## Mandarin tongue twister

Trending on Weibo, a Chinese microblogging website:

[So as not to give anything away, all syllables are separated and not divided into words.]

Nǐ de huò lā lā lā bù lā lā bù lā duō? Huò lā lā lā bù lā lā bù lā duō yào kàn nǐ de huò lā dé duō bù duō. Rú guǒ lā dé bù duō jiù lā nǐ de lā bù lā duō, rú guǒ lā dé duō jiù bù lā nǐ de lā bù lā duō.

"你的货拉拉拉不拉拉不拉多？货拉拉拉不拉拉不拉多要看你的货拉得多不多。如果拉得不多就拉你的拉不拉多，如果拉得多就不拉你的拉不拉多。"

"Your cargo pulls, pulls, pulls, pulls, pulls, pulls, pulls, pulls, pulls, pulls, pulls, pulls, pulls, pulls, pulls more? If you pull too much, it won’t pull you.

Before turning the page, if you know Mandarin, try to parse and translate the above sentences.

Read the rest of this entry »

## Are you in the book today?

[This is a guest post by Nathan Hopson, who sent along the two screen shots with which it begins.]

Another splendid example of why punctuation matters and why machine translation is dumb…

Read the rest of this entry »

## Hashtag of note

From Molly Des Jardin:

In the midst of our stressful times, I'm writing to share a distraction that is somehow still relevant. Given the kind of things you have noted on Language Log historically, I wondered if you observed this hashtag:

 #COVIDー19

Read the rest of this entry »

## Portentous periods

Further developments in the indexicality (intexticality?) of punctuation:

Read the rest of this entry »

## Diacriticless Vietnamese, part 2

This comment by Quyet on a recent post ("Dungan-English dictionary" [10/26/18]) is of such significance that I feel it merits separate, special recognition of its own:

The [Vietnamese] government often sends out mass text messages with announcements to every number in the country with no diacritics at all. Furthermore, teenagers have grown up to text toneless and abbreviated with no issues, and now it's common to see things like "Hn 2 vc mun dj choj oh cv thog nhat vs cac p dog nghiep hem?"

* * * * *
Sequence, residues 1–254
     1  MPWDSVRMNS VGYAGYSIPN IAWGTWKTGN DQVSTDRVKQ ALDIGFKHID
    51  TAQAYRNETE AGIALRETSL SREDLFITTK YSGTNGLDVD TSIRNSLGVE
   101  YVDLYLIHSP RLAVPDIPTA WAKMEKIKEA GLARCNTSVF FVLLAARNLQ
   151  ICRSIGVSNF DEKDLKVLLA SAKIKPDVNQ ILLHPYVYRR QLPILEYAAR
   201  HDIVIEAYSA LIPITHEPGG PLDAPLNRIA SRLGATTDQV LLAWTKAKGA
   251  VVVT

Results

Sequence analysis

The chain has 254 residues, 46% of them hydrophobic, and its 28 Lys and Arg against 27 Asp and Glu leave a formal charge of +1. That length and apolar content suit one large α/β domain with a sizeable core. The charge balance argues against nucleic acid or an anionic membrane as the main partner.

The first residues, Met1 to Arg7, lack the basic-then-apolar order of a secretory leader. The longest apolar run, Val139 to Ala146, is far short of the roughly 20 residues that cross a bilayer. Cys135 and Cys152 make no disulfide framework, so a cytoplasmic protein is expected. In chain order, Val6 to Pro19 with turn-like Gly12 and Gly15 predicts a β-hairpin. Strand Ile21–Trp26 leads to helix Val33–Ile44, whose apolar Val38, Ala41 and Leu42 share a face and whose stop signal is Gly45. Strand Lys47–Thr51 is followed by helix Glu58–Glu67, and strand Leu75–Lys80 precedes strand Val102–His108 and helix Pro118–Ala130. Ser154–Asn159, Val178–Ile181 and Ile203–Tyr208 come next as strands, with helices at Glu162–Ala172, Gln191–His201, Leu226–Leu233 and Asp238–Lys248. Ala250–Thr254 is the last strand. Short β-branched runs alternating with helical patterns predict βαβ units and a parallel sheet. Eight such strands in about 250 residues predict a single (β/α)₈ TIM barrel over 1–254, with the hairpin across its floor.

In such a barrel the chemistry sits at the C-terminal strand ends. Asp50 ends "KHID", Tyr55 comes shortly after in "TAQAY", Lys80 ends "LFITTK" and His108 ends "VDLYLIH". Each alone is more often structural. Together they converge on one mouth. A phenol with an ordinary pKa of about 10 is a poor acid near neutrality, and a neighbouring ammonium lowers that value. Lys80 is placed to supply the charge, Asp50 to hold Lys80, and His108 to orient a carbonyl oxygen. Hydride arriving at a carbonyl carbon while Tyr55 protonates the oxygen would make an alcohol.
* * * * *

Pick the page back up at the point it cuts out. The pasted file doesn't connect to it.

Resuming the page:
Read the rest of this entry »

## Ampersand in Chinese

From Caitlin Schultz:

I was eating at a place called Yaso Tangbao in Midtown Manhattan recently and snapped these photos of Chinese characters and ampersands. I thought it was unusual!

Read the rest of this entry »

## The importance of proper parsing and punctuation

Currently circulating on Facebook and on Chinese social media are seemingly impenetrable sentences with the same character repeated numerous times.  When you first look at them, your eyes glaze over and you can't make any sense of them.  But if you slow down and think about such sentences, you usually can figure them out without too much effort.  In fact,  I could read some of the following right off upon first encounter.  Others required more effort before I was able to crack them.

Although it looks formidable, of the six sample sentences treated in this post, this one was easiest for me.  I could understand it at one go.  [N.B.:  In my treatment of these sentences, I first give the Pinyin with spaces between each syllable, then repeat the Pinyin with requisite parsing and punctuation.]

1.

míng míng míng míng míng bái bái bái xǐ huān tā dàn tā jiù shì bù shuō

Míngmíng míngmíng míngbái Báibái xǐhuān tā, dàn tā jiùshì bù shuō.

"Mingming clearly knew that Baibai liked her, but he just wouldn't say it."

Read the rest of this entry »

## German with pseudo-Vietnamese diacritics

Klaus Nuber spotted this poster of an ad in Germany with German text spruced up with Vietnamese diacritics:

Read the rest of this entry »

## [. ] or [. ]?

You may have thought that idea of rhinoceroses peeving about semicolons (when they're not snorting and snuffing) was silly. But the comments on Mark's post Peeving and breeding have devolved to a level of even greater silliness: the pressing question of whether to type one space after a period or two.

Read the rest of this entry »

## Pinyin in 1961 propaganda poster art

From Geoff Dawson:

On display in a current exhibition at the National Library of Australia.

Read the rest of this entry »